Waking up to the 22nd day of Operation Protective Edge to news that five more Israeli soldiers had been killed, bringing the total deaths to a painful 53, is a terrible way to begin a day.
The five soldiers were killed when terrorists from Gaza entered Israel through an underground tunnel. According to the Israel Defense Force (IDF), the terrorists attempted to kidnap a wounded soldier during the incident. Last night was also the first night rockets were fired at Israeli civilians throughout the night and into the morning.
I have written – on more than one occasion – about how difficult this operation has been for Israel in general. But it is particularly hard on the residents of the country’s south.
Most kibbutzim have evacuated their children; many have evacuated entire families. Our kibbutzim in the north have been hosting these southern kibbutzniks and other residents of the south for 22 days now.
However, for some, evacuating is not an option. One of those communities includes a small pastoral village less than 16 miles from Gaza. Aleh Negev Nahalat Eran is a community of Jewish, Muslim and Christian people with special needs who have not been able to leave their residence.
For 22 days now the village has been under constant and direct threat from Hamas rockets. Unfortunately, the terrorists do not make distinctions when targeting communities. That these are people with special needs, with both physical and cognitive disabilities, doesn’t matter. And yet, the residents of this community cannot run in 30 seconds to a bomb shelter. Many are in wheelchairs or use walkers, some of them are carry cumbersome oxygen tanks, or hooked up to other medical equipment.
For this reason, the Home Front Command has advised the village management to keep as many residents as possible in the safe rooms around the clock for the duration of the operation. Only those who can walk or who can be moved quickly inside, have been able to take short trips outside, to breath the fresh air and see the sun during these past few weeks. They are accompanied by caregivers, and not allowed to venture very far from the shelters. Every building on the premises has a safe area.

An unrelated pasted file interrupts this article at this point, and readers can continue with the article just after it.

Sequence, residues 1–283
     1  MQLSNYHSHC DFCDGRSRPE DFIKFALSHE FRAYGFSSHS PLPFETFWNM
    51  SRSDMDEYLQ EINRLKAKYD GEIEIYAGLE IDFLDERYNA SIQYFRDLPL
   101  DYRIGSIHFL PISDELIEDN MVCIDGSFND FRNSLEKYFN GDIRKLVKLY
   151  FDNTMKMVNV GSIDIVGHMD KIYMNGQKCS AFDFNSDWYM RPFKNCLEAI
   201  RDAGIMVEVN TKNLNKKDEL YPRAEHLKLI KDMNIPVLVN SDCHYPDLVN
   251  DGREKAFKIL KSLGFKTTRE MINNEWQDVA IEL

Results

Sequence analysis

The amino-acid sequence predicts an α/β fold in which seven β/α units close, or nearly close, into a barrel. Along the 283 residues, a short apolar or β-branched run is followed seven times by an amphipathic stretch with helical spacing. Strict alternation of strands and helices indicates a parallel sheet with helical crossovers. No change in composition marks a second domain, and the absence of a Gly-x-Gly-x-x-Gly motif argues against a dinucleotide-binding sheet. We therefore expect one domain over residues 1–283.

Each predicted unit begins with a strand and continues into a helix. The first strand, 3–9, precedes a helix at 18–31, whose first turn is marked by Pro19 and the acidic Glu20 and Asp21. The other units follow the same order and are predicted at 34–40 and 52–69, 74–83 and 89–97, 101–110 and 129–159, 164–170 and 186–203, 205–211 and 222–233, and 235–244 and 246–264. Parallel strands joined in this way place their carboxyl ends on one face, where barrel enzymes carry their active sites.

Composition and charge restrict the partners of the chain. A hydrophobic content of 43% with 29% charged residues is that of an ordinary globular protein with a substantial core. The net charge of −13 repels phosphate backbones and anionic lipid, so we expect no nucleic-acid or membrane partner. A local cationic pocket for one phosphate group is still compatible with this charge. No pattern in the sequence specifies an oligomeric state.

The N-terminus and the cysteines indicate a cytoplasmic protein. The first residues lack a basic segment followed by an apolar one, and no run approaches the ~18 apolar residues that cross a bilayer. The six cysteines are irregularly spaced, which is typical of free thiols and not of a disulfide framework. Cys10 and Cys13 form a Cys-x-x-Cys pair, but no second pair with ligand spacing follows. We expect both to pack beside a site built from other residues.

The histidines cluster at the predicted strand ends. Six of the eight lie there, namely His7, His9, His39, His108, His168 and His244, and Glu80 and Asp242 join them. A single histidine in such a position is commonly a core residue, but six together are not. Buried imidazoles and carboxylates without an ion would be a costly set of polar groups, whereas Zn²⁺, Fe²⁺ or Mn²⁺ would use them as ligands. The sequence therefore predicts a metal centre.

A few days ago a rocket landed near one of the residences, splintering and damaging one of the houses. Because the residence was following these tight security instructions, no one was hurt. This is the second rocket that has fallen in the grounds of Aleh Negev since the start of Operation Protective Edge.
Spending time in shelters a greater struggle for people with special needs. Changes in their daily routine cause stress and can have a major impact on their moods. Being cooped up in a shelter all day also affects their mental and physical well-being. Many of them, for example, have suppressed immune systems and are easily susceptible to germs. Being confined in a room with little ventilation is not only physically difficult for them, but may also cause illnesses.
The dedicated staff at Aleh Negev reflects the makeup of the Israeli society. Both Jews and Arabs work here. Some of the Arab staff members have family living in Gaza and some of the Israelis have sons and daughters in the IDF. And yet, here, they co-exist and work together serving this residential community.
Aleh was founded on the belief that every child, regardless of disability, has the right to benefit from the best available care, develop to his or her fullest potential and live a quality life.
Aleh Negev, part of Aleh foundation founded 32 years ago, was established by Maj. Gen. Doron Almog, a reservist, in honor of his eldest son, Eran, who was born with severe autism and developmental handicaps. Eran Almog was one of Aleh’s first residents. Today approximately 140 residents live in the village, which has 230 staff members.
Earlier today I had a long conversation with Reut Twito, a social worker in training. Reut has been part of Aleh’s team for seven years, handling the jobs of PR director and professional assistant to the village’s founder and chair.
Reut described the special challenges that exist daily, but that are exacerbated every time Israel has been embroiled in a conflict that directly impacts this area of the country. Missiles targeting the area stress the residents, as well as their parents and family members, who naturally worry. The staff seeks to provide comfort and care under tough circumstances, and a safe and happy environment during times of crises.
One of their main challenges is communication — most of Aleh’s residents can’t communicate verbally. At times like this when communication is key to calming residents and offering comfort, staff has to be creative and use images, songs and touch to communicate and deliver messages.
Reut takes pride in her staff’s commitment and loyalty. She describes a feeling of family, unity and strength. When people are surrounded by love, care and compassion, nothing, not even rockets guided by evil can harm them.